The most significant unanticipated costs on many construction projects are the financial impacts associated with delay and disruption to the works. Assessing these, and establishing a causal link from each delay event to its effect, contractual liability and the damages experienced as a direct result of each event, can be difficult and complex.
This book is a practical guide to the process of delay analysis and includes an in-depth review of the primary methods of delay analysis, together with the assumptions that underlie the precise calculations required in any quantitative delay analysis. The techniques discussed can be used on projects of any size, under all forms of construction contract, both domestic and international.
The authors discuss not only delay analysis techniques, but also their appropriateness under given circumstances, demonstrating how combined approaches may be applied where necessary. They also consider problematic issues including ‘who owns the float’, concurrent delay, early completion programmes, and disruption. The book has been brought fully up to date, including references to the latest publications from the CIOB, AACEI and SCL, as well as current case law. Broad in scope, the book discusses the different delay analysis approaches likely to be encountered on national and international projects, and features practical worked examples and case studies demonstrating the techniques commonly used by experienced practitioners.
This is an invaluable resource to programmers and schedulers, delay analysts, contractors, architects, engineers and surveyors. It will also be of interest to clients’ professional advisors managing extension of time or delay claims, as well as construction lawyers who require a better understanding of the underlying assumptions on which many quantitative delay analyses are based.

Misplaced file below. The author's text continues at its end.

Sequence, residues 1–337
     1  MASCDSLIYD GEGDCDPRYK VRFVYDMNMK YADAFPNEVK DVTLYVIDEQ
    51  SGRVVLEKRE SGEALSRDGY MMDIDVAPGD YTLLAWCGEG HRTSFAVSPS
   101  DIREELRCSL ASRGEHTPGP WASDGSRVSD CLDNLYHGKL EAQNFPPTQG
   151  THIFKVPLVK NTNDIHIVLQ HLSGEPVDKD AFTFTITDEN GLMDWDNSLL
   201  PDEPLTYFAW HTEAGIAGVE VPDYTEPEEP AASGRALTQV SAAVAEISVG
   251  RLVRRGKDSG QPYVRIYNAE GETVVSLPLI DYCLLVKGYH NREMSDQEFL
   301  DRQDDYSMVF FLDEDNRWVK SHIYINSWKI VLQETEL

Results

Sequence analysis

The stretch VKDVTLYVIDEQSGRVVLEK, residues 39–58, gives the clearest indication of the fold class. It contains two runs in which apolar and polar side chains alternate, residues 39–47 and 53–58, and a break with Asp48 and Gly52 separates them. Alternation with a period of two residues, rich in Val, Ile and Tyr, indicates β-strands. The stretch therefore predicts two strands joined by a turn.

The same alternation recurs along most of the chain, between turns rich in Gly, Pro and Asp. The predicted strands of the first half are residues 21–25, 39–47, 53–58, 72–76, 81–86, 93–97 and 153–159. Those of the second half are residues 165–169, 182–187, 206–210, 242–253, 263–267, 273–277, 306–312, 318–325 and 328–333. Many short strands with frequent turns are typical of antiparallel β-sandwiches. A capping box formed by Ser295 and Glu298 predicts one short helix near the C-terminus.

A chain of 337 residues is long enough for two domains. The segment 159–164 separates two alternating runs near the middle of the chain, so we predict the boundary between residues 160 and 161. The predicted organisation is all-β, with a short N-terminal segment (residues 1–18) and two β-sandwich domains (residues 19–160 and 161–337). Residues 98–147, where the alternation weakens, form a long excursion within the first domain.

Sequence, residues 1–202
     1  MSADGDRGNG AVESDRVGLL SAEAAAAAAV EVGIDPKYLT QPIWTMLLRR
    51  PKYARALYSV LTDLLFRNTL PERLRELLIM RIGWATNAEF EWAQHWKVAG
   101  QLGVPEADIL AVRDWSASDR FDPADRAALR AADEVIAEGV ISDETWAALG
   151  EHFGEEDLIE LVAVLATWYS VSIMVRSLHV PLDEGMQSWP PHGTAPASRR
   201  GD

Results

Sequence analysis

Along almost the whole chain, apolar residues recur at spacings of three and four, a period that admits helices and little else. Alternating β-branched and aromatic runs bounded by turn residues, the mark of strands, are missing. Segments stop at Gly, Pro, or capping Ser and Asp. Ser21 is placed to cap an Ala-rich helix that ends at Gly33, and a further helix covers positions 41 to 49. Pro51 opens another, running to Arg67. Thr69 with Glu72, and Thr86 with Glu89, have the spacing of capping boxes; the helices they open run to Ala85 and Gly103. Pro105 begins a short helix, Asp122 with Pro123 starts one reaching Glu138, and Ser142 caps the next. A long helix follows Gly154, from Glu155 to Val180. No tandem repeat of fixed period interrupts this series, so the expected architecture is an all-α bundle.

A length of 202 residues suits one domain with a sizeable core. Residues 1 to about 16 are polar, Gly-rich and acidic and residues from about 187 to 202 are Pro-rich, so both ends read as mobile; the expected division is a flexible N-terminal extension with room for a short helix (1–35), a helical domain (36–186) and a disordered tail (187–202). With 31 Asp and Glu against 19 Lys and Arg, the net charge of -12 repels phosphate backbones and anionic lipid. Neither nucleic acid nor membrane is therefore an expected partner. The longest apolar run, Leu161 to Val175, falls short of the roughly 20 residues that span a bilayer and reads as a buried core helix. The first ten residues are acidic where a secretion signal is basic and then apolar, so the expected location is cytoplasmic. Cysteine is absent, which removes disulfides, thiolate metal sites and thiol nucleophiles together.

Reviews of First Edition
"John Keane and Anthony Caletka are pukka analysts in that tricky area of delays, programming and extension of time. I highly recommend their book Delay Analysis in Construction Contracts. Buy the book." (Building Magazine, February 2009)
"The book′s stated purpose is to provide a practical guide for those interested in schedule delay analysis. It provides a good in–depth review of the most common delay analysis techniques.... An excellent book, full of practical tips for the reader and very timely in its publication. It is well worth the cost and a good read for anyone involved in schedule delay analysis." (Cost Engineering, February 2009)
It achieves in spades its stated aim of being a practical guide for contractors, contract administrators, programmers and delay analysts, as well as construction lawyers who require a better understanding of the underlying assumptions on which many quantitative delay analyses are based. (Construction Law Journal, 2009)
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